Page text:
by Christine Perrin
Poetry is our human inheritance. Children deeply know this and learn it avidly and with great pleasure. I have experienced this firsthand in my own children's lives and in the classical school environment. I have taught what I have done and seen, and why it matters. I began doing this as a college student in the late 1980’s.
We call this the poll parrot stage because students love to imitate, sing, chant and feel their bodies when they learn. I don’t think this really ever ends—though as in the extension of language and delight in words we learn to hold more and more capacity. Many children love words—laugh at words even before they themselves have language.
Helen Keller famously learned the sign word for water as she was feeling water. Thus her elemental and physical experience of water was simultaneous with the word. While she said the word ‘water’ she felt the cool, refreshing, lifegiving liquid on her skin. This is what Emerson means when he says, “Every word was once a poem,” or what Tolkien means, more or less, when he says that “we are sub-creators.” After God, we assemble worlds with words. Your own children learned a word like “hot” while touching your white wedding china with their index finger as you drank your morning cup of chai and repeated the word hot. They said “Hot” or “T” or “Ta” as they felt the warm china, and the feeling of heat was imbedded deep in the word and in the relationship of morning and being in your arms.
In biblical revelation, word is always power and life. God created the world with his word. He called himself word. Deeply embedded in the fiber of our making is language and everything it means. Children know this and are living testaments to this.
I will very soon take you to the practical aspect of this lesson. It is ridiculously simple and all of you can do it. But I want to tell you a little story. I have a friend who grew up with my son in his class. I started teaching them poetry in class once or twice a month when they were in kindergarten. I started with Robert Frost— “Dust of Snow,” “Stopping By Woods on a Snowy Evening,” and “The Road Not Taken.” We always began with memorizing the poem with hand motions and defining the words in the poem so that they could have a little bit of the Helen Keller experience. Then I would ask them questions about it and they would talk. My friend, known to me now 19 of her 24 years, told me that she still remembers those poems and those poetry times we had together—recently she was speaking of the Road Not Taken as we were walking in the green summer woods. When I told my son that she remembered this, he said, “Of course she does, how could anyone forget that?” Do you see what is natural for these grown men and women who were nourished on words that honored to the highest degree our language capacity, the musicality of language, and the poetry of experience? It is as natural as walking in the woods and so deeply imprinted that they could remember it after 20 years—an hour in a classroom at age 5. It is also a bond we share, and those students share with each other. And when I say to those people who share this most accurate and beautiful and human speech and understanding with me phrases that we learned together—“way leads unto way,” or “I have promises to keep,” or “has given my heart a change of mood” we are merry and near to each other. It also has given them a language adequate to experience and hours of pleasure.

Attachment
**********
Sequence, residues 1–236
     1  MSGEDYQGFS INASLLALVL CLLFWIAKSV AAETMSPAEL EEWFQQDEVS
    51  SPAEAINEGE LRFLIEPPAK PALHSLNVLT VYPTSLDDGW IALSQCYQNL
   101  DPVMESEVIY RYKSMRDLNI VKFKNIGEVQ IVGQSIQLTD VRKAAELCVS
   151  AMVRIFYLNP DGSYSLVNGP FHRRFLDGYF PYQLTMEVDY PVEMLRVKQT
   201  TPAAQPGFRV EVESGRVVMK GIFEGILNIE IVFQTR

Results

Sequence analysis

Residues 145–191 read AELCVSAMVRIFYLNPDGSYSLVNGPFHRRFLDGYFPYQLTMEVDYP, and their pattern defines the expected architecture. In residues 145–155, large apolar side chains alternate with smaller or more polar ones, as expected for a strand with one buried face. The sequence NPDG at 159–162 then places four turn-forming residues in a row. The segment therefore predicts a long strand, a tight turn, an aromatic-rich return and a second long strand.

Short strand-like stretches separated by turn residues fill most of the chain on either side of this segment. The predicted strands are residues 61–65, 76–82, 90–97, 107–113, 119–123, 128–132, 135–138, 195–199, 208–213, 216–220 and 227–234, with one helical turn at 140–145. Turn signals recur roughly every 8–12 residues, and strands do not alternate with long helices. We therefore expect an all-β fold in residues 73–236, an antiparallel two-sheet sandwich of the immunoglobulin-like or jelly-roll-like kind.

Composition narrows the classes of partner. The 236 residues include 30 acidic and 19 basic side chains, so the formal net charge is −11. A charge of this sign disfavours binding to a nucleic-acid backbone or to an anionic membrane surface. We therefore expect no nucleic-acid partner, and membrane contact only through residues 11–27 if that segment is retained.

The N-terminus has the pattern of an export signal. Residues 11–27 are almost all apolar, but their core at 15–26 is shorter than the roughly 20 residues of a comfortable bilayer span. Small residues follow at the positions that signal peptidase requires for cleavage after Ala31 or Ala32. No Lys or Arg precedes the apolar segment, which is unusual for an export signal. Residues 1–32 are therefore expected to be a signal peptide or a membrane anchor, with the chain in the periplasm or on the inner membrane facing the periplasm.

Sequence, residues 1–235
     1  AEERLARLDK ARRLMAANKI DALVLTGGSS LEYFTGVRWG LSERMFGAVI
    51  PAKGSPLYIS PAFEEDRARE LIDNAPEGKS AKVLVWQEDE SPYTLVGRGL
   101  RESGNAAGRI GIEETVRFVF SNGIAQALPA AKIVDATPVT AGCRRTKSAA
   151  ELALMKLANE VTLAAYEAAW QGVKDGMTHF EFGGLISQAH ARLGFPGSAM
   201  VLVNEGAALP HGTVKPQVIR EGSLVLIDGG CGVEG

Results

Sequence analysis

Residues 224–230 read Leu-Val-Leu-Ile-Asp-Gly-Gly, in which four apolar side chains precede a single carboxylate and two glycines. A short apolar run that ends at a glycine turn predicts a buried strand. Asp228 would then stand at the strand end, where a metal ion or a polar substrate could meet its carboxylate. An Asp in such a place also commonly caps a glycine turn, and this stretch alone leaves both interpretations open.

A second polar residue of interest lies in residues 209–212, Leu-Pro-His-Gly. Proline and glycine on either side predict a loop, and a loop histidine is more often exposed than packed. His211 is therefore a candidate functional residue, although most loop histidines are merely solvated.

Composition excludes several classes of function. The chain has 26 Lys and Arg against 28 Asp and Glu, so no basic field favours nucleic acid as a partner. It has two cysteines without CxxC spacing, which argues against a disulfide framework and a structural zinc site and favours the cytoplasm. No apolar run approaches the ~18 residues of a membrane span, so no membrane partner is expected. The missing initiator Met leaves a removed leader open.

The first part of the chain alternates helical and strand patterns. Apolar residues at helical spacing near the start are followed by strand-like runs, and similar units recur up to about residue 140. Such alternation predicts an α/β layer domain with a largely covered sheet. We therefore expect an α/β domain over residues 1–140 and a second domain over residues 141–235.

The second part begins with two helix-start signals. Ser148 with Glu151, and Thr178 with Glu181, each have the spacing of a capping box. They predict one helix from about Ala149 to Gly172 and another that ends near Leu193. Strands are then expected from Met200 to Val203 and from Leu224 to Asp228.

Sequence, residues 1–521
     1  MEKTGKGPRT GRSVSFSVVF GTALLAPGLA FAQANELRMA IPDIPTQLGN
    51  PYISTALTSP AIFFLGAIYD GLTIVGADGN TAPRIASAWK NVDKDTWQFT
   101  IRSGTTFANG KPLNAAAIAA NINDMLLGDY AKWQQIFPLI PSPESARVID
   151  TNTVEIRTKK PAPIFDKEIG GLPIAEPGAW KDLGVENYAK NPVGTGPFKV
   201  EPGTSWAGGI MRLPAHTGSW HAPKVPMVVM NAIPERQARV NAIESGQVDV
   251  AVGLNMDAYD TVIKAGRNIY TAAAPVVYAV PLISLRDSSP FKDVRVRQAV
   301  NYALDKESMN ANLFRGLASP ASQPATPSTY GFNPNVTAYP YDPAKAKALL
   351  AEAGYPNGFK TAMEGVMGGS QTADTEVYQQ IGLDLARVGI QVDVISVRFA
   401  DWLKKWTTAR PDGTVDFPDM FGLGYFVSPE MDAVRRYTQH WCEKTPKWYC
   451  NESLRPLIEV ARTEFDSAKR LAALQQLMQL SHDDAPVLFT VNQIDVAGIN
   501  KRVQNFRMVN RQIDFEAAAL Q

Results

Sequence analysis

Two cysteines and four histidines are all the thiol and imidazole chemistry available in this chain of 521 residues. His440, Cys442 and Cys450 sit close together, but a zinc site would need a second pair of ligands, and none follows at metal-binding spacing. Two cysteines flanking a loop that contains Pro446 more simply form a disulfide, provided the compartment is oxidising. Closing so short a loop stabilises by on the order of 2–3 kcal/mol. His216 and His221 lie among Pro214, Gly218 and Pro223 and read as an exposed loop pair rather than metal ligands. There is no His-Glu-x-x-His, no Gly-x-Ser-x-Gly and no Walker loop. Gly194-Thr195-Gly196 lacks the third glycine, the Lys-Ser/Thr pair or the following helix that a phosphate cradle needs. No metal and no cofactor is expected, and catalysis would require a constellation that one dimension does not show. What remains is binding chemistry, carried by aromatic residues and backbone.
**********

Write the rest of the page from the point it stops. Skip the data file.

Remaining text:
As I said, this is the ridiculously simple part. Choose some good poems that can touch the reality I am speaking of (not Jack Prelutsky—let the kids enjoy that on their own!). They should be simpler, not simple. Here are some that I have loved:
Frost: Dust of Snow, Stopping By Woods on a Snowy Evening, The Road Not Taken, Fireflies in the Garden
Dickinson: Fame is a Bee
Whitman: A Noiseless Patient spider, The runner, When I heard the Learn’d Astronomer
Prayers from the Ark
Talking like the Rain
Poetry for Young People
A Children’s Anthology of Poetry, Elizabeth Sword
Who has Seen the Wind, Illustrated Collection , Museum of Fine Arts, Boston
- Read Aloud and ask them to say back words, lines, images (without discussion)
- Memorize with hand motions and a little definition
- Discuss—slowly begin to connect content and form if you can
- Allow students to draw a picture and explain it to the class
- Recite regularly
- Recite together as a treat
- Use language of the poem as a shared classroom language—a code for what you know together
- Read them poems that put their finger precisely on what you are talking about